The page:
Dungeons and Dragons Online dryad

Dungeons and Dragons Online
Probably no other game, be it video or otherwise, has had more of an impact upon online gaming than the Dungeons and Dragons pen-and-paper rpg created by Gary Gygax and Dave Arneson. Introduced in the mid 1970s, D&D allowed players to unleash their imagination and adventure in a fantasy world where they controlled the actions of the characters that they created. If you could imagine it, you could most likely do it. Many of the developers working in the online gaming industry today played D&D when they were younger or still do as adults. D&D introduced the concept of roleplaying to what had been a tactical skirmish game. At its height, D&D was the biggest tabletop rpg on the market and the undisputed industry giant. Dungeons and Dragons Online used the third edition rules of the game in creating their mmo. I love how all actions are resolved by rolling a twenty sided die just like in the classic rpg. The classes and races are also just the same. The one thing that I wasn't thrilled about was that DDO used the Eberron setting, which was a new steampunk setting and not the main Forgotten Realms setting. In time, I learned to love the Eberron setting, but I was thrilled when Turbine brought the Forgotten Realms to the game with their Menace of the Underdark expansion. Now I was able to quest in locations that I had known for almost thirty years.

Warhammer Online
So far in our look at the top five mmos based on games that were older have focused on video games and pen-and-paper roleplaying games, but our last choice was based upon a tabletop miniatures game. I'm talking about Warhammer Online, which was based upon Warhammer Fantasy Battles game created by Games Workshop. Just to show how some things are connected, the founders of Games Workshop were making and selling chess sets when they heard about the original edition of Dungeons and Dragons. They bought the rules and were blown away by them. They then decided to ditch chess and to concentrate on epic fantasy. Their most lasting success is Warhammer Fantasy Battles, whereupon players build armies of miniatures based around fantasy races. Over time, the world that the battles took place in was developed and acquired a character all its own. Each army eventually had their own manual, and the number of armies expanded to Wood Elves, Empire, Dark Elves, Chaos, Dwarves, Skaven, and so on. Warhammer Online took this setting where Chaos seeks to warp everything it touches and adapted it masterfully to an mmo setting. A number of races were represented, and the character classes were ripped straight out of the individual army books. (My personal favorite was the Witch Elf.) Sadly, the execution at the later tiers of the game didn't live up to expectations and an attempt to convert the game to being a free mmo couldn't save it. Still, I include this mmo on our list as it really captured the setting of the miniatures game perfectly.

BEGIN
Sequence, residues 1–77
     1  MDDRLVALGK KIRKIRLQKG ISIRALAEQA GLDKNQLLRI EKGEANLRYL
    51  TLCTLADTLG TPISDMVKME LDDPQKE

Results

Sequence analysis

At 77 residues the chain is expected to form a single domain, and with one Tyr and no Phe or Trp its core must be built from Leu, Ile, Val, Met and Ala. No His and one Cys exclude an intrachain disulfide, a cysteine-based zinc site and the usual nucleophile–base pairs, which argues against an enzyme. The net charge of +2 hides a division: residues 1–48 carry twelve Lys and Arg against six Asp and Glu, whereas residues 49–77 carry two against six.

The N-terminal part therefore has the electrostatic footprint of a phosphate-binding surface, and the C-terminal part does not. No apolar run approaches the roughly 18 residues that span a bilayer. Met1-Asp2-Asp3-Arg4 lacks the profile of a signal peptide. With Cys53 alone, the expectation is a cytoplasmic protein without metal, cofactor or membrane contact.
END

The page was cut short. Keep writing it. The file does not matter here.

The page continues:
As you can see, games can serve as a great inspiration for the creation of a really good mmo. There were some others that I could have included, such as Final Fantasy 14 and Neverwinter, but those listed above are my top five mmos based on games. I give thanks that there hasn't been a Monopoly mmo yet, but one could never know. Did your favorite make the cut? Let me know in the comments below.


Add comments:

comments powered by Disqus